Regulation & DeregulationBy T. Randolph Beard, et al., Phoenix Center for Advanced Legal and Economic Public Policy StudiesPolicy Bulletin, 04/21/2011
This Policy Bulletin provides an estimate of the relationship between government spending on regulatory activity and economic growth and job recovery. It estimates that reducing the size of the regulatory bureaucracy may grow the economy and invigorate the labor market. Even a small 5% reduction in the regulatory budget (about $2.8 billion) is estimated to result in about $75 billion in expanded private-sector GDP each year, with an increase in employment by 1.2 million jobs annually. On average, eliminating the job of a single regulator grows the American economy by $6.2 million and nearly 100 private sector jobs annually. Accordingly, as Congress and the President struggle with the difficult decisions of how to shrink federal spending, an excellent place to start would be to investigate responsible cuts in the size of the federal regulatory budget. However, the fact that regulation may also have social benefits should also be considered.
Natural Resources, Energy, Environment, & ScienceBy Loren Thompson, Lexington InstituteStudies, 04/21/2011
NASA’s human spaceflight program has been gradually losing ground since the Challenger disaster 25 years ago. In truth, Mars is the sole destination for the human spaceflight program that can generate sufficient scientific benefits to justify the scale of expenditures required. The two most important elements in any human spaceflight program that proposes to go beyond low-Earth orbit are an evolvable heavy-lift launch vehicle and a multi-purpose crew vehicle. Congress has directed that NASA’s future work on both systems should focus to the maximum degree possible on technologies already under development for the Constellation program. By applying those technologies to a human spaceflight agenda focused on the ultimate destination of Mars, NASA can preserve its investment in a highly skilled space workforce and related infrastructure. Failure to make Mars the centerpiece of future exploration efforts will probably doom the human spaceflight program to a further erosion of political support.
ImmigrationBy Gary S. Becker, Institute of Economic AffairsBook, 04/21/2011
How can market-based solutions help solve the challenges of immigration? This IEA Occasional Paper proposes a radical policy which, if implemented by the coalition government, could raise over £600 million a year. It proposes that visas to work in the UK should be sold off. The coalition’s immigration cap scheme could be amended using this proposal to ensure that the most suitable immigrants are allowed in. The people willing to pay the most to live in the UK are likely to be the same people who would contribute most to the economy.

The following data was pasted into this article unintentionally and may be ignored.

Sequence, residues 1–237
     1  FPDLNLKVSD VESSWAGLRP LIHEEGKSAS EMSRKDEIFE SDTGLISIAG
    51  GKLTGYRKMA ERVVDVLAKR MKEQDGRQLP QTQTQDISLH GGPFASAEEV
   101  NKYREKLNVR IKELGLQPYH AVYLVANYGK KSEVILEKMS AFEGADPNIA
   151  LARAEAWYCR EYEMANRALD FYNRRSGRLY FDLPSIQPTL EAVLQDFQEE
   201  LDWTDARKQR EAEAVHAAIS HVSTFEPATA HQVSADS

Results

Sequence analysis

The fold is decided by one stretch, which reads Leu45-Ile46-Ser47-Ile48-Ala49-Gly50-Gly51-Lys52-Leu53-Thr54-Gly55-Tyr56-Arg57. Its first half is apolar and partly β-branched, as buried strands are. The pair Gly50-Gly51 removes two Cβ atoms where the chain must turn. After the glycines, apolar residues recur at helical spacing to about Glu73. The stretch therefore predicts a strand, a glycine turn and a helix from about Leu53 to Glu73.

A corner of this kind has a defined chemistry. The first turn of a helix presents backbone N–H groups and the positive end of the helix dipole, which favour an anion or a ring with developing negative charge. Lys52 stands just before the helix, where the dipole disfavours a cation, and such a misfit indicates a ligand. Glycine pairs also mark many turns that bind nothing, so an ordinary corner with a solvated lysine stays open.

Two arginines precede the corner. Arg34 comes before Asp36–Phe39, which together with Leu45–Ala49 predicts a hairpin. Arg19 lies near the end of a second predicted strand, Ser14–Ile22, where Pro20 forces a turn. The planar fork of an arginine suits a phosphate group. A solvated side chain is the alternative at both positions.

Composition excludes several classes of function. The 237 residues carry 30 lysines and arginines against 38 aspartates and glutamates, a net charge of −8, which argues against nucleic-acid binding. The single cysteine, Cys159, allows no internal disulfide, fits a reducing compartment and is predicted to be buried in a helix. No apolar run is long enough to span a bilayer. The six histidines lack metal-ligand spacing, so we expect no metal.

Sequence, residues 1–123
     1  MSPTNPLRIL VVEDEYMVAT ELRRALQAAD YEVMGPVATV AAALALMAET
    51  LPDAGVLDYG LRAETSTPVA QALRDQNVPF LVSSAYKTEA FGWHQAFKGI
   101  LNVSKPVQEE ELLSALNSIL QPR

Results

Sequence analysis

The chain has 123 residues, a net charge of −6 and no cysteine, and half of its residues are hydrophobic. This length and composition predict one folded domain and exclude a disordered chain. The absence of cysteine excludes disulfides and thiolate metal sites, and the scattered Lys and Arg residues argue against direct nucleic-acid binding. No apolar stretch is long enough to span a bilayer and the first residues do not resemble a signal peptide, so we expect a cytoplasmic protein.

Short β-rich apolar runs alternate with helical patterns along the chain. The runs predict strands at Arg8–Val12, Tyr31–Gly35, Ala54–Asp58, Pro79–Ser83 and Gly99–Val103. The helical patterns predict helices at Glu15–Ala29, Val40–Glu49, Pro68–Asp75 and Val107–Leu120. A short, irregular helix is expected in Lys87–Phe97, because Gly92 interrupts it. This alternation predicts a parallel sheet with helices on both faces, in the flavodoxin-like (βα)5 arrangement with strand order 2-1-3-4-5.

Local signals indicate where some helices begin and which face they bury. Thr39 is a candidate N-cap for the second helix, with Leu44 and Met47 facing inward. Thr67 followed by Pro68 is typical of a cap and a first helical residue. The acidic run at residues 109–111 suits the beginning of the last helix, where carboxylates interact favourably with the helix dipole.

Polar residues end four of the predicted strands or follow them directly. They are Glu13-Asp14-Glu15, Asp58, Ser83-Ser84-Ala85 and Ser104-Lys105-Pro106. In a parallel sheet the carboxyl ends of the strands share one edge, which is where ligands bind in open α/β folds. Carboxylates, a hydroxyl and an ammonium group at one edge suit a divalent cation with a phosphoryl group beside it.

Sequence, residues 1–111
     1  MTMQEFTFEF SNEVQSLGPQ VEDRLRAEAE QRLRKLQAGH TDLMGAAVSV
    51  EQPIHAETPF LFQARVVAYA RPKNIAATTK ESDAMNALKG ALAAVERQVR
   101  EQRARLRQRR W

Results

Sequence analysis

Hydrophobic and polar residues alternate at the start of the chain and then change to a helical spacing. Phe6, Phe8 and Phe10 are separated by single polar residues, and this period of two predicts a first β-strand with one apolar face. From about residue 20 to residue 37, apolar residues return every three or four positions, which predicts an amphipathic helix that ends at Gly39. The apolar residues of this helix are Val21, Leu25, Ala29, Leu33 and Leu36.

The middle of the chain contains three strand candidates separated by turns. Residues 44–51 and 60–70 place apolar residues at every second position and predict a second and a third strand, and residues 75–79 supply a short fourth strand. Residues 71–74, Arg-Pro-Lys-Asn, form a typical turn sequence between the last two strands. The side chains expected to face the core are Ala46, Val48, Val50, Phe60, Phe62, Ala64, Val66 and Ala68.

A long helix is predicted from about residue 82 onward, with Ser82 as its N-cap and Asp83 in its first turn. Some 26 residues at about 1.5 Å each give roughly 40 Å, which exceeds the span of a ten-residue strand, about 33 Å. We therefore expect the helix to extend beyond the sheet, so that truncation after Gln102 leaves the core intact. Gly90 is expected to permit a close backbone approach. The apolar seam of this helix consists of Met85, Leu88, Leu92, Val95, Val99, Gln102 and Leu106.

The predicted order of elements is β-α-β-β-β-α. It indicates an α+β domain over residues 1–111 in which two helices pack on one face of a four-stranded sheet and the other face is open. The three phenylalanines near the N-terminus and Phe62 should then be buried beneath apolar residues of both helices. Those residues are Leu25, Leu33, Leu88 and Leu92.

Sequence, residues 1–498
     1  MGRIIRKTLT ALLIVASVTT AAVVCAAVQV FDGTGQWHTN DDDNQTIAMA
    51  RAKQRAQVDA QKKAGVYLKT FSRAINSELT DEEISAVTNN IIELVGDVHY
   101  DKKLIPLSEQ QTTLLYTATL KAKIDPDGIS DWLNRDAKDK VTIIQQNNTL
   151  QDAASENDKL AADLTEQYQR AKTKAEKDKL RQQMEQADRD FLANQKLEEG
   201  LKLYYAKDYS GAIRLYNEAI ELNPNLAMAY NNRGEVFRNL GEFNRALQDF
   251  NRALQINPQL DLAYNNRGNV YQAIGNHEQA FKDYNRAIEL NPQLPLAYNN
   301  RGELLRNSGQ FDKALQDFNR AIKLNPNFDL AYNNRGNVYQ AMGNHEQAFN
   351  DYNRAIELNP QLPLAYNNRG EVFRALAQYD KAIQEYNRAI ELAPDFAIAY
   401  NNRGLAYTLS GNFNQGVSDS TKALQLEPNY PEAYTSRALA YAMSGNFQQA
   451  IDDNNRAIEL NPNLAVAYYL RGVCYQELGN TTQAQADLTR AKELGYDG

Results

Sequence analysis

EducationBy Carrie L. Lukas, Independent Women's ForumPolicy Focus, 04/21/2011
Americans deserve the world’s best education system, and that requires having the best teachers. Alternative teacher certification programs should be supported. Poor public schools create the equivalent of a permanent national recession. They cost our country billions, and limit the life prospects for millions of children. Additionally, research confirms what parents know: good teachers matter. Likewise, research indicates that traditional teacher certification does not guarantee a high quality teacher. Finally, many highly qualified women would love to teach if it was easier to get in the classroom. Dropping education related coursework requirement would free college women to explore different topics, giving them more professional options.
Health CareBy Jason Fodeman, Galen InstitutePaper, 04/21/2011
While much has been said about the Patient Protection and Affordable Care Act (PPACA), lengthy debates have failed to adequately address the impact that the 2,800 pages will have on doctors, patients, and medicine. This Galen Institute white paper does just that. This paper examines in detail how the government already hinders physicians’ abilities to provide good care for their patients and how these harmful trends will only worsen under PPACA. PPACA will strip away physician autonomy, drown doctors in bureaucracy, and drain job satisfaction. As the profession deteriorates, older doctors will retire while younger doctors will look to switch careers. Many students considering a careering in medicine will pursue other opportunities. The supply of providers will dwindle as demand for services reaches an all-time high. The Patient Protection and Affordable Care Act is indeed bad for doctors, but it is always the patient that suffers the most.